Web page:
Moving Back to Jamaica

A blog about my Move Back to Jamaica after 20+ years of living in the US. Most of the articles focus on the period from 2005-2009 when the transition was new, and at it's most challenging.

Thursday, June 05, 2008

Provocative Take on Organized Religion

The chances are good that when someone moves back to Jamaica, they are coming to a country that is extremely religious, and also extremely violent.

It's no accident that most of the religions practiced claim to be correct, denounce others that they see as incorrect and speak in a way that induces fear in the minds of those who aren't "members" in order to get them to convert.

Unfortunately, this is not only a matter of atheists vs. "the rest of us believers", but it also includes:
  • my religion vs. the other religions
  • my denomination vs. the others
  • my church vs. the others in the denomination
  • the time of my service vs. the others in my church
  • people in the church who share my beliefs vs. the rest
I know people who will argue that baptism is not enough, but that it must also involve the right amount of water, at the right age, with the right words and in the right direction (backwards, forwards, etc.)

In other words, a returnee to Jamaica is likely to notice that here in Jamaica there are a lot of people being right about a lot of things, and spending a lot of energy making other people wrong. (Of course, this extends to politics as well.)

Against that back-drop, I read a post by Steve Pavlina this morning that is not for the faint of heart, or anyone who is not willing to think or is prone to react based on emotions only. His post is entitled "Ten Reasons You Should Never Have a Religion" and it reminded me of the dilemma I had when I left Jamaica at 18 only to discover that the kind of Baptist I happened to be, did not exist in the U.S.

In other words, a "Jamaica Baptist Union" kind of Baptist was not white, black, mixed, Southern or anything like the churches I found in the U.S. It was what it was, and its beliefs were just... local and specific to one sect in Jamaica.

I liked to think at one point that all Jamaican Christians were the same, only to realize that there were many who had already condemned me to hell because I wasn't baptized the right way, for example. I was amazed when a Christian friend of mine advised me of my peril, as a way to get me to come over to his church.

As I said, his post is provocative as it's MUCH easier to see where other religious people are making the errors in judgment he describes.

MUCH easier.

We however, are lucky, because we happen to be right, and we know that we are right. Right?

Being right and making others wrong does have a certain violent quality to it, even when its done "for their benefit."

Here is the link to the post.

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At 6/08/2008 10:03 AM, Anonymous Anonymous said...

Interesting post Francis!Yes,indeed,that is definitely Jamaica.Constant divisiveness with everyone fighting and arguing over the what,the who,the why,the when,and the how of rightness and rightfullness.Interestingly,this is not limited to religion, but manifests itself in just about all spheres of life.We are an extremely opinionated,dogmatic,doctrinarie,self-assertive and uncompromising people.Hopefully,at some point in the medium term with respect to the society becoming more educated, we will become more broadminded,tolerant,reasonable,dispassionate, objective,impartial and unprejudiced.RESPECT!!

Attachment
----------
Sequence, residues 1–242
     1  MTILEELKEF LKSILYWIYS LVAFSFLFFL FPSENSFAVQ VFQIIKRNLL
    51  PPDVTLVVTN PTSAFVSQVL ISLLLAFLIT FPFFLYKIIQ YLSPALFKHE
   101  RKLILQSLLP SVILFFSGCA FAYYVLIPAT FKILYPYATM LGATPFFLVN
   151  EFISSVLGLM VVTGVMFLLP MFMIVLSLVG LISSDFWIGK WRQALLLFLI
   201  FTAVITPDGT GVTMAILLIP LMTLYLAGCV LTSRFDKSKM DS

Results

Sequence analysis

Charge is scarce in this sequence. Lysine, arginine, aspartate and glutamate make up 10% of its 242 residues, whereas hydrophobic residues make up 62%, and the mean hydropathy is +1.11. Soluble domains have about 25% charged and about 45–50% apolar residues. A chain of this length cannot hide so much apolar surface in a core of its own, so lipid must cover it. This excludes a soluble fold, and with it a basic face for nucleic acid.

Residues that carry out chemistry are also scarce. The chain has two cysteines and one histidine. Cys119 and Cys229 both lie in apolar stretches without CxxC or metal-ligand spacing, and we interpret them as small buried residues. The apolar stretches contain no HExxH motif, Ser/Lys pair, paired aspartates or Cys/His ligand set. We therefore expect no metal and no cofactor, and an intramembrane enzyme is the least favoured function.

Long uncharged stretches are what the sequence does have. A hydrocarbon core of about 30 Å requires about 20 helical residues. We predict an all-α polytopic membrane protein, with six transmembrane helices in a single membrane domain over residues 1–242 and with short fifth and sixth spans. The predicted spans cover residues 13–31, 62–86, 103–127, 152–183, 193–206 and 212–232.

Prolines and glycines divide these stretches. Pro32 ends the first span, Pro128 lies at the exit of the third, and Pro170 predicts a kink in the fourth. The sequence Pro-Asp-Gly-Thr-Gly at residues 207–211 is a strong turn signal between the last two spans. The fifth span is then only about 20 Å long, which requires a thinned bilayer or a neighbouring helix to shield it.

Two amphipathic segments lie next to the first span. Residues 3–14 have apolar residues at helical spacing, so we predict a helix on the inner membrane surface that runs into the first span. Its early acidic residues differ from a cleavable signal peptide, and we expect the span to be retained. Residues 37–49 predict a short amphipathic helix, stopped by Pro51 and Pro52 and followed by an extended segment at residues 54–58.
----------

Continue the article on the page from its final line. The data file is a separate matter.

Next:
At 6/08/2008 12:12 PM, Anonymous ESTEBAN AGOSTO REID said...

I concur totally with anonymous!!

At 6/10/2008 8:02 PM, Anonymous Anonymous said...

excellent link.
Of course, the problem is, most persons who could benefit from at least being open this alternative perspective are those who's relgion tells them that this same openness is demon possession.

At 6/20/2008 1:59 PM, Blogger niki said...

Hello - naturally, being a Jamaican :) the word "provocative" in the title of this blog post made me stop and read...

I think it's true that the types of religions and denominations most prevalent in Jamaica are on the extreme end of the spectrum when it comes to being 'organized' in the negative sense of the word that the provocative term 'organized religion' implies. Now, Anonymous hopes that by being more educated, Jamaicans will become more broadminded (etc) but the kind of education we are giving our kids is imho not conducive to that.... remember we are coming from a place where many schools were started by churches... I think the church still has a great impact in education in Jamaica. Overall, I think it is fair to say that a narrow mode of thinking is still the norm in the Jamaican classroom.

(I am doing a study on Teaching Science & Religion at the Secondary Level - anyone interested in participating please contact me, so I can help to confirm or deny this thought!)

I just wanted to say that there are minority groups who are quietly infusing a less opinionated viewpoint into Jamaican society. The 'official' InterFaith Movement was quiet (as in too quiet) for many years, but since Sir Howard Cooke retired as GG the group has recently started to do more work, from a base in Nannyville (Mtn View). There are other less official groups talking to each other, and on the 'organized' side - and I dare say not too organized ;) - there's the Baha'i Faith, which for some 30 years now has been broadcasting weekly on RJR.

The thing is, that trying to reason with organized religion is a non-starter. A lot of time and energy could be (and is) wasted on that. I'd suggest for anyone wanting to move on with their spiritual life not to throw the best of religion out because of its faults - continue to pray, and see if you can't start networking with some less organized (but not completely free-wheeling) believers like the ones at 208 Mtn View Ave.

Peace, Niki


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